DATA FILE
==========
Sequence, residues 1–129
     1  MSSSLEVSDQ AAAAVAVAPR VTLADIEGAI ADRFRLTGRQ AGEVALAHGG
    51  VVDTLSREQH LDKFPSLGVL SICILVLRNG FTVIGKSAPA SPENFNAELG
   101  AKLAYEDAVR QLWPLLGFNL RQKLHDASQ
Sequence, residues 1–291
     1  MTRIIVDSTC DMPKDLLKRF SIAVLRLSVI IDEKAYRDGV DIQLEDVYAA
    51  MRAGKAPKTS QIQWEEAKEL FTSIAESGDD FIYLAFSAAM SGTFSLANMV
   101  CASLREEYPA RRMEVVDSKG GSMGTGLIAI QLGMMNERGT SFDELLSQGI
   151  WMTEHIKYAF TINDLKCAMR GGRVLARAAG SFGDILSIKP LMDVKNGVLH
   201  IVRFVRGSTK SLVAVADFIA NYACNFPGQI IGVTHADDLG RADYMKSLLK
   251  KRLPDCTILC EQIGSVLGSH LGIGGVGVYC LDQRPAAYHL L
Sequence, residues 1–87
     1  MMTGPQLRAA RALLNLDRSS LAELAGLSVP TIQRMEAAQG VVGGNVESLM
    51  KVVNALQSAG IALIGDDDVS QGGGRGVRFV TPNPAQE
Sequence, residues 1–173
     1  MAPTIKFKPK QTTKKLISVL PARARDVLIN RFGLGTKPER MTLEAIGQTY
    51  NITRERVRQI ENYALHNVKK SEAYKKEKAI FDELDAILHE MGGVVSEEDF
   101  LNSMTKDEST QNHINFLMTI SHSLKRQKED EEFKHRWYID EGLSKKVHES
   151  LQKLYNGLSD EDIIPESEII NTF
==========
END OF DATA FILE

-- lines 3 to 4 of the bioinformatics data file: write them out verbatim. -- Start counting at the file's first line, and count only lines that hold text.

    51  VVDTLSREQH LDKFPSLGVL SICILVLRNG FTVIGKSAPA SPENFNAELG
   101  AKLAYEDAVR QLWPLLGFNL RQKLHDASQ